Better Meetings, Faster Projects, Lower Risk

 

Better Meetings

Andy will help you to improve the efficiency, the enjoyment, and the satisfaction of your meetings and workshops. Through good planning and facilitation, all voices will be heard, progress made towards objectives, and clear actions captured.

For more information click here

Faster Projects

Andy will help you to deliver your project in full, in less time, and with less stress.

For more information click here

For project management training click here

Lower Risk

Andy will help you to reduce the likelihood things going wrong in your projects.

For more information click here

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Why are projects late? What can we do about it?

It’s a sad fact that many, if not most, projects are late. This usually also means budget overspend, lost opportunity, damage to reputation, and employee stress.

Projects are almost never early.

There are many reasons why projects are late, which mostly boil down to four headings:

Unpredictability of task time

The time taken to achieve a certain task has to be predicted in advance, and these estimates are often overly-optimistic.

Availability of resources and queueing

Project networks are often worked out in isolation, and assume that the people will be available to do their tasks without first completing other work, and without multitasking.

Unexpected tasks

Even with good planning, and consideration of what might happen, as the project unfolds it often becomes clear that some substantial tasks have been overlooked.

Unexpected events

Things happen that derail the project, e.g. competitor activity, industrial action, the weather, illness, etc.

So what are the possible solutions?

Task times can be estimated with more accuracy by gathering data from past projects, how long things actually took to complete. However, we must resist the temptation of padding out the timings, as human nature ensures that the work will expand to fill the time available.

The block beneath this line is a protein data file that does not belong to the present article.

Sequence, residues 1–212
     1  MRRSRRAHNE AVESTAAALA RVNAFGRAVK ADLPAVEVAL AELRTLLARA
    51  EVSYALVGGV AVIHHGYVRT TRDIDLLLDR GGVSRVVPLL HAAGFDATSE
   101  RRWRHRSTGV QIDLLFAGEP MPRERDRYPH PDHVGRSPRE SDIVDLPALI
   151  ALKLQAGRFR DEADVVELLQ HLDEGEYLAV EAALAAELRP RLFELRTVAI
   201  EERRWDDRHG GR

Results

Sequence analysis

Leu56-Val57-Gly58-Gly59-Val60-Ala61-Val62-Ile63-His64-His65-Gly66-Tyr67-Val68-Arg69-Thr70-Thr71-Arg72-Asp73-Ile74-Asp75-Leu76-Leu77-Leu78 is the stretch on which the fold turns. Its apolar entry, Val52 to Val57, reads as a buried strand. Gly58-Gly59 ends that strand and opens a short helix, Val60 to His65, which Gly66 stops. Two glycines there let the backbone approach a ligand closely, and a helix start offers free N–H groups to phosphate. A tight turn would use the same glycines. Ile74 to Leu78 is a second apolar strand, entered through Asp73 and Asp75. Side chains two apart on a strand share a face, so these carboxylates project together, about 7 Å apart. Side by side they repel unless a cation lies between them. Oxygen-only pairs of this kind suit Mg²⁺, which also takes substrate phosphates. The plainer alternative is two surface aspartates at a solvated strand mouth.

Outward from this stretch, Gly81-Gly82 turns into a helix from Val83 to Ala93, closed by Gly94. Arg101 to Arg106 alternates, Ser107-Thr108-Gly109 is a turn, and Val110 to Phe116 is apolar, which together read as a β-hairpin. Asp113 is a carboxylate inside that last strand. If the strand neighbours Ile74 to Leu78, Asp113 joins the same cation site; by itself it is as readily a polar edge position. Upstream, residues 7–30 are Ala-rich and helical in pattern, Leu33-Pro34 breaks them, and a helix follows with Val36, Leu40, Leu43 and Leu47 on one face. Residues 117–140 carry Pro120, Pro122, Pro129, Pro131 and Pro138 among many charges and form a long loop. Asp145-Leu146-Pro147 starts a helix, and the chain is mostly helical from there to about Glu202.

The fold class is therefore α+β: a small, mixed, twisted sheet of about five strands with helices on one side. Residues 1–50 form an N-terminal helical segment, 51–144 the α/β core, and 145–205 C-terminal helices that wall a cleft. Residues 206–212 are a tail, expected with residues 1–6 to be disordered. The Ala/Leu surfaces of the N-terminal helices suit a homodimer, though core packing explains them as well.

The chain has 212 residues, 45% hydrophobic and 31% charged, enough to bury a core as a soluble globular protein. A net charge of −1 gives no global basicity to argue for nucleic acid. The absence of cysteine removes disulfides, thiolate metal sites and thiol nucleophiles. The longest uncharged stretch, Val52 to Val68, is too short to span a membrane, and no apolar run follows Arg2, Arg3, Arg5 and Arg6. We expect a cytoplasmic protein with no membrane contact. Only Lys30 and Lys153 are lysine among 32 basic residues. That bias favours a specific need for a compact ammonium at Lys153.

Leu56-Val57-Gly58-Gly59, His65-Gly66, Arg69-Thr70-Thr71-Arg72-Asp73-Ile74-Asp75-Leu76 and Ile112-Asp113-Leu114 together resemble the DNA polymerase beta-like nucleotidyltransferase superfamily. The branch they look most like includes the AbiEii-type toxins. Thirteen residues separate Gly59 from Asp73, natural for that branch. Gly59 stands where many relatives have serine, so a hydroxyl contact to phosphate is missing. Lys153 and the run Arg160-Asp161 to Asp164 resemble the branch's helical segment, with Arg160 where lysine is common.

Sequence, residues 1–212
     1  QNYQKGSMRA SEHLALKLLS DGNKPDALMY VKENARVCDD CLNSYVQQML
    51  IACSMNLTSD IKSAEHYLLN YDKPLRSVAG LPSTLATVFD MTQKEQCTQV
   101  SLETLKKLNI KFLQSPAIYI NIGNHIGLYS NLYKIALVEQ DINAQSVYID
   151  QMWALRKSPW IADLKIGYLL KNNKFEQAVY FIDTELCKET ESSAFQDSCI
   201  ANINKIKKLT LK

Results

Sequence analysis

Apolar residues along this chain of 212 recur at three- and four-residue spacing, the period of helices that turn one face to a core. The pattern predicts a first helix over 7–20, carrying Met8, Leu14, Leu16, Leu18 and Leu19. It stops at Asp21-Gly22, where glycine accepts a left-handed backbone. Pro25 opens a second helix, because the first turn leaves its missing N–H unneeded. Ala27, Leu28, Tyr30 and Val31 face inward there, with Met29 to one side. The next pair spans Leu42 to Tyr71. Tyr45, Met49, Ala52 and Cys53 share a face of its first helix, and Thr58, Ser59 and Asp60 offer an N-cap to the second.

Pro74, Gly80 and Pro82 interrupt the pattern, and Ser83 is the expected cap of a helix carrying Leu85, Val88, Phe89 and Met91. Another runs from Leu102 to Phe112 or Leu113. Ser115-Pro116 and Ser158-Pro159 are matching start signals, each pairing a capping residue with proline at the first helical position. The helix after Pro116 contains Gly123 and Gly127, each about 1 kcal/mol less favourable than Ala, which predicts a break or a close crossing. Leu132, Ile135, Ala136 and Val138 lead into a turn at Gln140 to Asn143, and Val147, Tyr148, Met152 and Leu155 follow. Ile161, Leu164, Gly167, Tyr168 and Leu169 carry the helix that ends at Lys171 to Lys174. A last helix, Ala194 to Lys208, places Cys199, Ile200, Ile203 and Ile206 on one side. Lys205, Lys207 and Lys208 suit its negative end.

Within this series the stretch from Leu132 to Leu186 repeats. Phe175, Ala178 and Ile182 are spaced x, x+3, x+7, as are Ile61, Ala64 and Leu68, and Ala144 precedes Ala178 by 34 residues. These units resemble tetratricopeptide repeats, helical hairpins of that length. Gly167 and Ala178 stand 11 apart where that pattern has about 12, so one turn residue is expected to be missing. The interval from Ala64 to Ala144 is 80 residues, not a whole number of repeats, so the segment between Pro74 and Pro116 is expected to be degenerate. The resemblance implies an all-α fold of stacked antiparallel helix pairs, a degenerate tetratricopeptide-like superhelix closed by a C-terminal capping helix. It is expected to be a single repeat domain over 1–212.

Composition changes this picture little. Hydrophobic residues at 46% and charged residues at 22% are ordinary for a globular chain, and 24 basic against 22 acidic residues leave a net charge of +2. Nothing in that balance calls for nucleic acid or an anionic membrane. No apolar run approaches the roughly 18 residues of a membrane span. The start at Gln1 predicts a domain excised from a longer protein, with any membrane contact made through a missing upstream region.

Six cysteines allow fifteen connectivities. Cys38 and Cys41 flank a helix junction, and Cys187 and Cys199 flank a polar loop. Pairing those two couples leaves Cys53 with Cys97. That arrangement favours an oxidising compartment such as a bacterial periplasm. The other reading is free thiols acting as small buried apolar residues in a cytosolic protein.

Unexpected tasks and events can be predicted and mitigated to some extent if the project has a robust risk management plan. Expect the unexpected, and draft an action plan to avoid or cope with the issue, and then decide whether to invoke it depending on the likelihood and severity of the risk.

That leaves us with resourcing. The higher the utilisation rate (busyness) of critical resources (people doing tasks on the critical path) the slower the project will be. This is counter-intuitive, as you might think that the more utilised people are, the more work the development team will complete.

Wrong

If critical resources are too busy then work just builds up in a queue waiting to be done. Or, worse still, people start more tasks and try to complete them in parallel: multitasking. Despite the perception that this is a useful human trait, in fact it slows everything down, as it takes time to switch from one task to another, and get up-and-running again.

A utilisation rate of 60-70% will help to ensure that critical tasks do not wait to be started, and are completed rapidly. Projects will get completed sooner, and the team members will suffer less stress along the way.

Meeting Etiquette

We all spend too much time in meetings. We accept that they are essential, yet most of them are very inefficient. Almost all business endeavours would therefore benefit from all of us following some simple rules of etiquette.

Of course, we need to be sure we need a meeting in the first place. Peter Drucker had quite an extreme view of meetings, though we know there is some truth in the quote below.

Drucker quote